Aggrieved, by the confirmation, the applicants appealed to this Court in SC 566/17 on 4 August 2017. The subsequent chamber application instituted by the employer to strike off the appeal under SC 743/17, was dismissed. Resultantly, the employer sought to be joined in the appeal on 18 December 2017, in SC 1087/17. The application for joinder was set down together with the appeal hearing. At the hearing, on 22 February 2018, this Court mero motu raised the propriety of the confirmation proceedings. The views of this Court must have prevailed, as an order by consent in which the employer withdrew the joinder application while the applicants withdrew the appeal ensued.

A further attempt to file another notice of appeal at the Labour Court was declined by the Registrar of the Labour Court on the ground that such a notice was, in terms of s 92F of the Labour Act [Chapter 28:01] (the Act), due at the Supreme Court. Thereafter, the applicants’ concerted effort to the Registrars of the Labour Court and Supreme Court in March 2018, for directions on the appropriate procedure to assail the draft ruling went unanswered.

On 25 September 2018, some seven months after the consensual withdrawals, this Court passed judgment in Drum City (Private) Limited v Brenda Garudzo SC 57/18. In that case, the labour officer entered a draft ruling in favour of the employee and against the employer. The labour officer then sought confirmation of the draft ruling before the Labour Court, in terms of s 93 (1) as read with s 93 (5a) and (5b) of the Act. She cited the losing employer as the only respondent, purportedly in terms of s 93 (5a), which required “the employer or any other person against whom the ruling is made” to be the respondent in the confirmation proceedings. This Court held that the legislature could not have intended to exclude a party with a direct and substantial interest in the confirmation proceedings, such as the employee in whose favour the draft ruling pertained, from participating in such proceedings as a co-respondent. It accordingly allowed the appeal, set aside the confirmation proceedings and remitted the matter to the Labour Court for the joinder of the employee and a rehearing of the confirmation.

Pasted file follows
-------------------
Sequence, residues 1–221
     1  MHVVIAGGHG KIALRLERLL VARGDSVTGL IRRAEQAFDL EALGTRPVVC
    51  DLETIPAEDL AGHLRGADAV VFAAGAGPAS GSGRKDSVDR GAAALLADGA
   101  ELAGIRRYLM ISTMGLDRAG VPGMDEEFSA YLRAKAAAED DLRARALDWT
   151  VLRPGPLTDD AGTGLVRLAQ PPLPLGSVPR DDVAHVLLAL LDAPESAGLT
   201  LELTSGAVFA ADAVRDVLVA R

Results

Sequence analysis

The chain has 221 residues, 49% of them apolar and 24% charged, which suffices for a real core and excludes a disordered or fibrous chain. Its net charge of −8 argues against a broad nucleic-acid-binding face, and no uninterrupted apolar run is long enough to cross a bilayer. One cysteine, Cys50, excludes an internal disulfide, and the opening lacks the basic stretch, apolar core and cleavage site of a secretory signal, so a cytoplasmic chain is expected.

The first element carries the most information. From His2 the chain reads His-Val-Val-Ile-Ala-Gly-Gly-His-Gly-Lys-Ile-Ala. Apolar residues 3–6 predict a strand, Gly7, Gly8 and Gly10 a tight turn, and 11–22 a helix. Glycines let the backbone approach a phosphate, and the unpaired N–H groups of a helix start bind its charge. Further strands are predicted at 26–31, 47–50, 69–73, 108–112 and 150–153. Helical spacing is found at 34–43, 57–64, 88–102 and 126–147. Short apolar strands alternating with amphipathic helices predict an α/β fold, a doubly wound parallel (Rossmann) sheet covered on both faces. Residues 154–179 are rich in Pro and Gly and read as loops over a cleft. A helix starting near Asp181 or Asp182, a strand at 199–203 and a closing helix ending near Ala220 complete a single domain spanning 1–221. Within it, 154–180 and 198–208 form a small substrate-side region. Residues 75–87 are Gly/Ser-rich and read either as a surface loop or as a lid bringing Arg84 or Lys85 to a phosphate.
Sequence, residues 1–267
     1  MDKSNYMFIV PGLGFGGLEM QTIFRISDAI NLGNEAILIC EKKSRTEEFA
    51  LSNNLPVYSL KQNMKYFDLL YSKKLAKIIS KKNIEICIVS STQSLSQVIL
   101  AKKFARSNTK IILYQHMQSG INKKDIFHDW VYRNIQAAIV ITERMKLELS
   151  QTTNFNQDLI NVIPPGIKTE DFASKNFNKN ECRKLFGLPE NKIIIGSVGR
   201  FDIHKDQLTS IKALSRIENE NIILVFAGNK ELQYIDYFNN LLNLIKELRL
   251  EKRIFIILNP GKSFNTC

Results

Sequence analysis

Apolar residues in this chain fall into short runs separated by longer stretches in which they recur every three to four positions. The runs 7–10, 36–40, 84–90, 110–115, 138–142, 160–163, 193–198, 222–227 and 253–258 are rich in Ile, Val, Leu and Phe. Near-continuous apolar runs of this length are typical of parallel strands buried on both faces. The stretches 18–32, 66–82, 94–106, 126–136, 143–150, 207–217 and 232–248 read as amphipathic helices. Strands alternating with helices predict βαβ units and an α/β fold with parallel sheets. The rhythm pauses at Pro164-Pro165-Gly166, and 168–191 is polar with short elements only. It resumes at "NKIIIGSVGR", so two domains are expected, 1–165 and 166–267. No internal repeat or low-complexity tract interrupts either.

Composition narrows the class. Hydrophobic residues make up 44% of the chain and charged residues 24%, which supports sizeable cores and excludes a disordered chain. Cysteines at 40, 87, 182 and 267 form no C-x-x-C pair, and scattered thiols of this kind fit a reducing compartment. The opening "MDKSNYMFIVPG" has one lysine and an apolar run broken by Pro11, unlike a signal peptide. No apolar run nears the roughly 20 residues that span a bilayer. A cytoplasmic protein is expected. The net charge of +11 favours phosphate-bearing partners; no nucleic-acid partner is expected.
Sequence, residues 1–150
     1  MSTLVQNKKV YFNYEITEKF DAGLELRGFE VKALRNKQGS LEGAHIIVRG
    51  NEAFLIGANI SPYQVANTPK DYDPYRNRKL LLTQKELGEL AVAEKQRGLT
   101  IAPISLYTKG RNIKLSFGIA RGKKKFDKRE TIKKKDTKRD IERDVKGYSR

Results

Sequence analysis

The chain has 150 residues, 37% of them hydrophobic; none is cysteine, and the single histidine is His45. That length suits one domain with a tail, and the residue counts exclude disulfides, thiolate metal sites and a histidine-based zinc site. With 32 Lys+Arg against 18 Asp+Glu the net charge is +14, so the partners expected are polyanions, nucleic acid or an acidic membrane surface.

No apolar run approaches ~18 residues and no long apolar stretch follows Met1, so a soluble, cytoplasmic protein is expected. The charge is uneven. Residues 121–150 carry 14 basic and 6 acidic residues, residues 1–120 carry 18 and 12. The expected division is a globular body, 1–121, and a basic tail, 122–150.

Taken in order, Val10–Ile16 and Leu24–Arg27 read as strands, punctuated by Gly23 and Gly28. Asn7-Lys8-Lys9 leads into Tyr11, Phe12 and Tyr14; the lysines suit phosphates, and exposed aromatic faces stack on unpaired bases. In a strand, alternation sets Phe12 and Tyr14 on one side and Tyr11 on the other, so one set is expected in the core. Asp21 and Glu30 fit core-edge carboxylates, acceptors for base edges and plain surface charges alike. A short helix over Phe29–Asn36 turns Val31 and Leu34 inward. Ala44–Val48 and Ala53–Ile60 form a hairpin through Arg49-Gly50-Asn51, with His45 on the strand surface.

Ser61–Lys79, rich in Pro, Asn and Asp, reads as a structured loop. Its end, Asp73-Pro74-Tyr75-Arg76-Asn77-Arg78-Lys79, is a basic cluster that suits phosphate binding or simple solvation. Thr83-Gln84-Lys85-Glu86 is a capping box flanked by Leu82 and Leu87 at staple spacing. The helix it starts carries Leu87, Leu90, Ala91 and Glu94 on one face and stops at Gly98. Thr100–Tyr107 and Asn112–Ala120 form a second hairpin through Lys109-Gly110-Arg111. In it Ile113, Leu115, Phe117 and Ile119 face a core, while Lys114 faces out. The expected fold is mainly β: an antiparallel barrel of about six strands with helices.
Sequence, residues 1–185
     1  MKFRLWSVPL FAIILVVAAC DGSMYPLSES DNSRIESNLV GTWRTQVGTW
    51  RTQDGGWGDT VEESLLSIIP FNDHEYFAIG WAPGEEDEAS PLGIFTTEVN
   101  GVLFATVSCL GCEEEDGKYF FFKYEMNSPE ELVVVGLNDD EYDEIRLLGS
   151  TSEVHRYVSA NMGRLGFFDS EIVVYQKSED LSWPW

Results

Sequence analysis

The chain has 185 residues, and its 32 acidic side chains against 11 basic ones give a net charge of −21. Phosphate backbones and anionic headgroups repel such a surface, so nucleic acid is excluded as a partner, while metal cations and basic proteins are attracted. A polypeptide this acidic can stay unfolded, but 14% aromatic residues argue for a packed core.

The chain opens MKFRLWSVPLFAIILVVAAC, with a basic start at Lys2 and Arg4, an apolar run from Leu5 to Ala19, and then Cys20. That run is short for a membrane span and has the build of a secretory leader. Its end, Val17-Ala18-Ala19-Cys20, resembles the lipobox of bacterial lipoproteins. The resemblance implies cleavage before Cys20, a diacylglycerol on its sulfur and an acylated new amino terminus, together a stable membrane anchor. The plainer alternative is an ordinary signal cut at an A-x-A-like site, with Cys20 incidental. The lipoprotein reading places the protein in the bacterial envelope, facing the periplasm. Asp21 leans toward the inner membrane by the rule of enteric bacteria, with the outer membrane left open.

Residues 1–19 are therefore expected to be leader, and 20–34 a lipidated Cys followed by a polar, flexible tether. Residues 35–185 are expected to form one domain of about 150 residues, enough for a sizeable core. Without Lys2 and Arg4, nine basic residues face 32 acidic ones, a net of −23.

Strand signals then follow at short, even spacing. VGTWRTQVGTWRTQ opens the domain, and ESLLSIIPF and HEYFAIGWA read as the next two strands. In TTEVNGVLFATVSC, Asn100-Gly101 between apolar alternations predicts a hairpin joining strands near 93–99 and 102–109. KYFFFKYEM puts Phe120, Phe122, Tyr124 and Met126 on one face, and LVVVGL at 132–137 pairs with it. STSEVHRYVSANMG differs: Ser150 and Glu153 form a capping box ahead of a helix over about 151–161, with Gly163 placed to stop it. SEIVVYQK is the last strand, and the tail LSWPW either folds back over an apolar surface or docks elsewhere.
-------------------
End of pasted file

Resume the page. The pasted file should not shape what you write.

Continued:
However, at para [12] and [13] this Court, en passant, remarked that: